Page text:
Portrait Art Photography: “Fine Art & Conceptual Photography”

Dan Eitreim

August 16, 2015

Family portrait photography has become more than just photographs of your family.

Many modern photographers now view portraits as a form of artistic expression. The feeling is that a well composed portrait can show the bond shared by the family, how they feel, and represent who they are.

Portraits are no longer just about smiling and staring into the camera. They can be both unique and creative.

Each family is different and an artistic family picture can express the individuality of each particular family’s distinctive qualities and relationships. When the family members, and anyone else for that matter, look at a modern family portrait, it should be possible to have the power to invoke feelings and emotions much like fine art does.

Artistic portraits of a family can tell a story, and even one solitary image can induce profound emotional reactions, within that family. What makes an artistic portrait different from the older portraits?

Traditionally, family portraits were taken with everyone standing or sitting stiffly, in a uniform group, all looking straight at the camera. Now many artistic photographers have changed all that.

Composition, and consideration of the rules of composition such as the Rule of Thirds, is aimed to create something that is more than a snap or stiff conventional group.

Examples could be a couple who may stare lovingly into each others eyes, or portraits of a family, artistically composed, with a new baby which could have all the members gazing at the subject baby.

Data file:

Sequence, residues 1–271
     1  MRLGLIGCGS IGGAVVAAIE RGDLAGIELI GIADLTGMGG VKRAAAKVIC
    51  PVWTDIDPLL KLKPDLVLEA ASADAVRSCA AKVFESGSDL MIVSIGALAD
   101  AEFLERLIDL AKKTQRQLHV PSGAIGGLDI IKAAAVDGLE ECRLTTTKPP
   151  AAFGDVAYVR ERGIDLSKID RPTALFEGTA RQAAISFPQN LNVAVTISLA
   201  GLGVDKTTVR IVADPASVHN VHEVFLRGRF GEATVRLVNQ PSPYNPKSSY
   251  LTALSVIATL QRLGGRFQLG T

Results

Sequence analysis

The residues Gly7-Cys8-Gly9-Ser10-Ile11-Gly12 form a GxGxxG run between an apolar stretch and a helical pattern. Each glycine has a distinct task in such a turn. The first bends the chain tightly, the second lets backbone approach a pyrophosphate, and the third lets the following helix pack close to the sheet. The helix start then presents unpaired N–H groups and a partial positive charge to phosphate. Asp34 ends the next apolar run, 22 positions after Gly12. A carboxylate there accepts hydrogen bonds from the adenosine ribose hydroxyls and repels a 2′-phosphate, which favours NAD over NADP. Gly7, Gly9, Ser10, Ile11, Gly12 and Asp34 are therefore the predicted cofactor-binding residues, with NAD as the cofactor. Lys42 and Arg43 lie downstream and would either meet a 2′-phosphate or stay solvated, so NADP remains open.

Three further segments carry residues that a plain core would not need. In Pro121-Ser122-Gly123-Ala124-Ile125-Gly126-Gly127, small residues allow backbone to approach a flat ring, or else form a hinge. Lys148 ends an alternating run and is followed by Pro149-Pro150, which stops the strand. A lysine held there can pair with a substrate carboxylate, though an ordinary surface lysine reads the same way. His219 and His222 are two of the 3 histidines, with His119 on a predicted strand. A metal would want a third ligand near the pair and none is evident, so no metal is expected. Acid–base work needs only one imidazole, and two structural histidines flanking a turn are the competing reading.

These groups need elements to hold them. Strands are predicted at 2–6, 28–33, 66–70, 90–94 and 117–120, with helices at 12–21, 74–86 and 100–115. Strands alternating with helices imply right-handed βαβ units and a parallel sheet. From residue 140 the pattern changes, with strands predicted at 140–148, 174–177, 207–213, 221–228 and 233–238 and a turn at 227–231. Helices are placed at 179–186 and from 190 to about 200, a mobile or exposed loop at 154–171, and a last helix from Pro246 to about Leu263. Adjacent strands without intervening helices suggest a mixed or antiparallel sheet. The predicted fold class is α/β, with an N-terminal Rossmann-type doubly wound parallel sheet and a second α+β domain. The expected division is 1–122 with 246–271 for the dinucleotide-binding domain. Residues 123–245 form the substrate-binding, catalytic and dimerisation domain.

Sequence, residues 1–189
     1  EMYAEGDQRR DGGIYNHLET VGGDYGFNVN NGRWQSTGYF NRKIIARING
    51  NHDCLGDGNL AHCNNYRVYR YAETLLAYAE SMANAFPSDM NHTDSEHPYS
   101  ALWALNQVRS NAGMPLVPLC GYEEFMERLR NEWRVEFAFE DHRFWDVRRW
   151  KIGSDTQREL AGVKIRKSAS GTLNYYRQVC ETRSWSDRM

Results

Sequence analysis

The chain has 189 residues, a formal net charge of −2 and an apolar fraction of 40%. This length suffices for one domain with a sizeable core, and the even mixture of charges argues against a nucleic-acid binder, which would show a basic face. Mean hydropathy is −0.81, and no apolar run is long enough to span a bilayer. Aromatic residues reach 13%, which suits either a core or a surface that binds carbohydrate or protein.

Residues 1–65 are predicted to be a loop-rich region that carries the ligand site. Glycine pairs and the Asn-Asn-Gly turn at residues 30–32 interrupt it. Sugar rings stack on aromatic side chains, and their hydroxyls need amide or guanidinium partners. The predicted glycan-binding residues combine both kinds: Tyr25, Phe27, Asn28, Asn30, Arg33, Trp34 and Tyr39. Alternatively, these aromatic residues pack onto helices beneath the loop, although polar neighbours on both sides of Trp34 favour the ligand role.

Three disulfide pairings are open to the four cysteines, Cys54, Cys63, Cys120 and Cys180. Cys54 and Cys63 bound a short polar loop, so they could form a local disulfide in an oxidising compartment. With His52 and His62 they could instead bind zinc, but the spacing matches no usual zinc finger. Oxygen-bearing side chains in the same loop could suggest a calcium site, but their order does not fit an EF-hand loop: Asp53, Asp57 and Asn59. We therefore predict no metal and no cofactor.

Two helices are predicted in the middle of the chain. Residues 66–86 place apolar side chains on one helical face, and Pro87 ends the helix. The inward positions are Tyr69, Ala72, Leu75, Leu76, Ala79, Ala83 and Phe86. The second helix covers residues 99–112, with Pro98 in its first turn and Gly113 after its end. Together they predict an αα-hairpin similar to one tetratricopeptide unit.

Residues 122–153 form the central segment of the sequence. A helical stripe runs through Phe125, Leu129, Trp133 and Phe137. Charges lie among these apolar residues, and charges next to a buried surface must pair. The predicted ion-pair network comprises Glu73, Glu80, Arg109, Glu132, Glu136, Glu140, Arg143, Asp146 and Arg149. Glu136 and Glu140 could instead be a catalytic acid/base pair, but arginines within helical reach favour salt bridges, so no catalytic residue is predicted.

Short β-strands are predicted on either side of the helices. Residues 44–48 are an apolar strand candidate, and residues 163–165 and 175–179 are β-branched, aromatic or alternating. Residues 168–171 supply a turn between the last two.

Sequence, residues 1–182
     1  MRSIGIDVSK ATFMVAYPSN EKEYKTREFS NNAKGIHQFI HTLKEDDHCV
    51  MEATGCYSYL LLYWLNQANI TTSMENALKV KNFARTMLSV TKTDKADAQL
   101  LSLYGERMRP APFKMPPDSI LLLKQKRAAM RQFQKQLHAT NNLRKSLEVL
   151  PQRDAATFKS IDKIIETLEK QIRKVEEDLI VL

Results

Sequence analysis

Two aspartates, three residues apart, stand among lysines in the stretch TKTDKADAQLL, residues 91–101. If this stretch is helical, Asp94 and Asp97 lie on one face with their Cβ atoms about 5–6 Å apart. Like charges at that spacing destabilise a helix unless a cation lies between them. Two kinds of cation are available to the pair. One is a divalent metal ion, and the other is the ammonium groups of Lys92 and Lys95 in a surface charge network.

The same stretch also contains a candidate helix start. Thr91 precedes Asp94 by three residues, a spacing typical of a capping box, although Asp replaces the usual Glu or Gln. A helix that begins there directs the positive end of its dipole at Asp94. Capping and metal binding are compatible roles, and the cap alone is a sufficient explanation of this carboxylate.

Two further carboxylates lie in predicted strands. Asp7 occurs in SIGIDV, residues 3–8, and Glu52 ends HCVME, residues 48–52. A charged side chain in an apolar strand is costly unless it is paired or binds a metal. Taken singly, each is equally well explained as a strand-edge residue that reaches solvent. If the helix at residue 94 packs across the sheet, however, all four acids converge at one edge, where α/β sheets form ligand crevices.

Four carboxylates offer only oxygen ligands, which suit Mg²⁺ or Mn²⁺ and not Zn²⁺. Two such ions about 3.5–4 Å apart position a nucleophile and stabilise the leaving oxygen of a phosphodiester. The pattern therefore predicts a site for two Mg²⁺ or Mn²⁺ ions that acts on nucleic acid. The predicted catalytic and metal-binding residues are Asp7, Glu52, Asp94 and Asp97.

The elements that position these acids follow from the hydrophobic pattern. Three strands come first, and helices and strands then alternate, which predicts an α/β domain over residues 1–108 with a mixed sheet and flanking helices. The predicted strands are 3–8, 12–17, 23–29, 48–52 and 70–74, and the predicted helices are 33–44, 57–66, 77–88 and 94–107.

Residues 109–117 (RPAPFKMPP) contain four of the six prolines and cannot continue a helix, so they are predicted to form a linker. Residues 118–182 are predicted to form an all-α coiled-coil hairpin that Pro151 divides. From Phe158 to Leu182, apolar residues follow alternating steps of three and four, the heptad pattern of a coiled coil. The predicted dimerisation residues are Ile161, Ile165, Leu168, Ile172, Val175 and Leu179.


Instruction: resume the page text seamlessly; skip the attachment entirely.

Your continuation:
A dramatic effect could also be accomplished by having the family members looking in different directions and perhaps at different angles. Conventional family portrait photography featured the family grouped in the center of the frame but now the artistic appearance of a family off-center or asymmetrically arranged can add a special dimension, or depth to the image.

On a practical note, when composing your image try arranging your subjects in odd numbers if possible as odd numbers always work better than even numbers, with three the best number of all, of course.

You will see that posing three people in a triangle gives a very pleasing result.

If there are only two people try to avoid side-by-side pictures – have one slightly behind or ahead of the other.

Four people can be problem but you can stagger them i.e. as two people plus two people.

When you have more than four people, you can try to stagger them in a diagonal line.

Different angles can also introduce a new element to the portrait. Rather than the typical straight on shot, the photograph can be taken from an elevated position.

The photograph could also be shot from below, looking up at the family, or from the side or any number of other angles. These alterations in perspective can completely change the whole look and feel of the image. Colors, or lack of color can dramatically affect the appearance of the image as well.

For example, dramatic emphasis can be added to a photo by creating a black and white portrait. Black and white or sepia colored portraits can often stand out and appear more elegant. Art offers limitless possibilities for the enhancement of family portrait photography.

Your portrait should exhibit your family’s individuality, and the right photograph will be both a record of your family and an artistic expression of who and what they are.

David Whittle has written articles on digital photography aimed at getting beginners and novices out there taking great shots as soon as possible.You can get further free tips at www.simpledigitalphototips.com

Article Source: EzineArticles.com

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